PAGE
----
As our relationship progressed, his tendency for emotional abuse surfaced through his comments on my appearance as they grew more malicious. He started by saying things like my “clothes sucked” and my “shoes weren’t nice enough”. He would repeatedly tell me that nothing I chose to wear was nice. Once, I sent him an image about the cute things Pisces girlfriends do (I’m a Pisces) and it included things like “gives you a back rub when you’re sad” but he the only area he chose to focus on was the part that said that “Pisces girlfriends have a good sense of fashion” and his response was:


“You don’t have good taste in fashion.”


When I tried to defend my fashion choices as a form of self-expression, he said that that was “just plain stupid”. In this way, he started to control the way I’d dress and, unconsciously, I found myself avoiding my tank tops and dresses. I stopped dressing for myself and instead started dressing for him – limiting myself to t-shirts and jeans. 



View this post on Instagram


A post shared by mawar remy taavitsainen (@mwrmy)


Even then, I was not good enough. He went as far as to say,


“If I had your a**, I wouldn’t be happy. I would work out.”


I’d always loved my body but his comments made me feel like s***. My self-esteem was at an all-time low and I was constantly insecure. I was pushed to the point where I felt like I had to work harder to make sure he continued to choose me because I was convinced that I needed him. I would hate myself for not working hard enough to make more money so that I could buy nicer clothes to please him. I wanted to be like those girls he would show me pictures of as the “standard” he expected. I believed that I was not good enough and this was the saddest thing I’d ever done to myself; letting someone else define my worth.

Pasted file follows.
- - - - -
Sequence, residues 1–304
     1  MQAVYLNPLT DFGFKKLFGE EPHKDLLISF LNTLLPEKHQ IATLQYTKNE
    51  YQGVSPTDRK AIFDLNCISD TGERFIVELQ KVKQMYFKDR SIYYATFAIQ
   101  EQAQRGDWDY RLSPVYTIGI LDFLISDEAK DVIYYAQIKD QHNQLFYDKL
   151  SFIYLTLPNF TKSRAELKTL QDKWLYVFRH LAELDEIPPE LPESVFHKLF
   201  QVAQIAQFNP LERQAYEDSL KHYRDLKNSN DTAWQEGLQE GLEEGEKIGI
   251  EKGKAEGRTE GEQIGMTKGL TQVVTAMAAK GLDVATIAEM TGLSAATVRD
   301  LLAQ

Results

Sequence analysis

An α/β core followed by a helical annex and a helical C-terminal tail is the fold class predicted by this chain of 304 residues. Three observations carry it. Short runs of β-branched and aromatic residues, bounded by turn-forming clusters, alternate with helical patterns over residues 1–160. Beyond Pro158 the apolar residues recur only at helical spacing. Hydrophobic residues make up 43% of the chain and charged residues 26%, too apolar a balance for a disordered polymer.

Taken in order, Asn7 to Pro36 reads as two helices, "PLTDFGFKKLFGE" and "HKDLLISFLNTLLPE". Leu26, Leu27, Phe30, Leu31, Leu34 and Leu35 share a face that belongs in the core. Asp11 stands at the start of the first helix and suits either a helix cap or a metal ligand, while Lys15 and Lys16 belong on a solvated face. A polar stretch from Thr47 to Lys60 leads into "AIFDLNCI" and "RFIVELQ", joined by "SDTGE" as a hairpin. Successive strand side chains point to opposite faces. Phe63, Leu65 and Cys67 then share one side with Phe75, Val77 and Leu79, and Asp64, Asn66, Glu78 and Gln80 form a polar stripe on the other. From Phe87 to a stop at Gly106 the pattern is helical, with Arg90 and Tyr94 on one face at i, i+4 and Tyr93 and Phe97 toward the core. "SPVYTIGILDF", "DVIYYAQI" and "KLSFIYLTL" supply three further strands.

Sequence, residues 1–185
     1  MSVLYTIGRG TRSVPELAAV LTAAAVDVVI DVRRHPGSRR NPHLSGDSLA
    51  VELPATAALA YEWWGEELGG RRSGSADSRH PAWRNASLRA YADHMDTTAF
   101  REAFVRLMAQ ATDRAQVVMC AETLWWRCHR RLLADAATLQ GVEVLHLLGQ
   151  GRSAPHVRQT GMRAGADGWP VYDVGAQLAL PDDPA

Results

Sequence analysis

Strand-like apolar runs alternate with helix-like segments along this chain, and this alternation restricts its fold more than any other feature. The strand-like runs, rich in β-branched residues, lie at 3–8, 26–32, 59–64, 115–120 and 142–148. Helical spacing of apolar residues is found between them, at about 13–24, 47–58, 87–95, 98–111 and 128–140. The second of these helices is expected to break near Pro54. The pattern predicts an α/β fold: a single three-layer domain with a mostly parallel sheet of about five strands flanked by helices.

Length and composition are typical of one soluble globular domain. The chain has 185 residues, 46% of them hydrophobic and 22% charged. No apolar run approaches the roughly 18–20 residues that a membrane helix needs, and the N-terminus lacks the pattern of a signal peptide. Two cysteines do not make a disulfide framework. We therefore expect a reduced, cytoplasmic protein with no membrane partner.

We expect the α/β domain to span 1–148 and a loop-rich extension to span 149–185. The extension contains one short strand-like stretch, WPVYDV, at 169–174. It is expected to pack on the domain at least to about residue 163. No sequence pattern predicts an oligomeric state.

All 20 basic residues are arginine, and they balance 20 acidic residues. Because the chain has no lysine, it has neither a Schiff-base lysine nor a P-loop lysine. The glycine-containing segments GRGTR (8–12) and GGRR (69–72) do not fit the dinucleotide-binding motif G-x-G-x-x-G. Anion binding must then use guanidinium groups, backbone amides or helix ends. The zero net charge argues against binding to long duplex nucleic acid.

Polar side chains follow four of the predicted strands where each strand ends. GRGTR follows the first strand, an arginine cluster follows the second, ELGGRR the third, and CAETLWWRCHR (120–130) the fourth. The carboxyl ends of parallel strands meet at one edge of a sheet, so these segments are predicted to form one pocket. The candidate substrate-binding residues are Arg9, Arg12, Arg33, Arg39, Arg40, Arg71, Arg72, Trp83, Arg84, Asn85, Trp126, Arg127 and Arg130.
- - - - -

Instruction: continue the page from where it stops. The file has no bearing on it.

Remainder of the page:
His manipulation of my image of and confidence in myself as well as belief in my self-worth kept me in the relationship because I thought that it was me that needed to work harder in it. What I didn’t realise was that I was being gaslighted. 



It was crazy, the amount of manipulation I was subject to. I became so cautious with what I said because I was afraid he would lash out and neglect me. I would think that I was wrong ALL the time and it drove me crazy. This craziness then reflected in my actions towards him and it just… it spiralled. I found myself going through this phone and confronting him over his conversations with other girls. He would talk to this one girl about me; smack-talking behind my back and making me feel like my sole role in the relationship was to “please” him.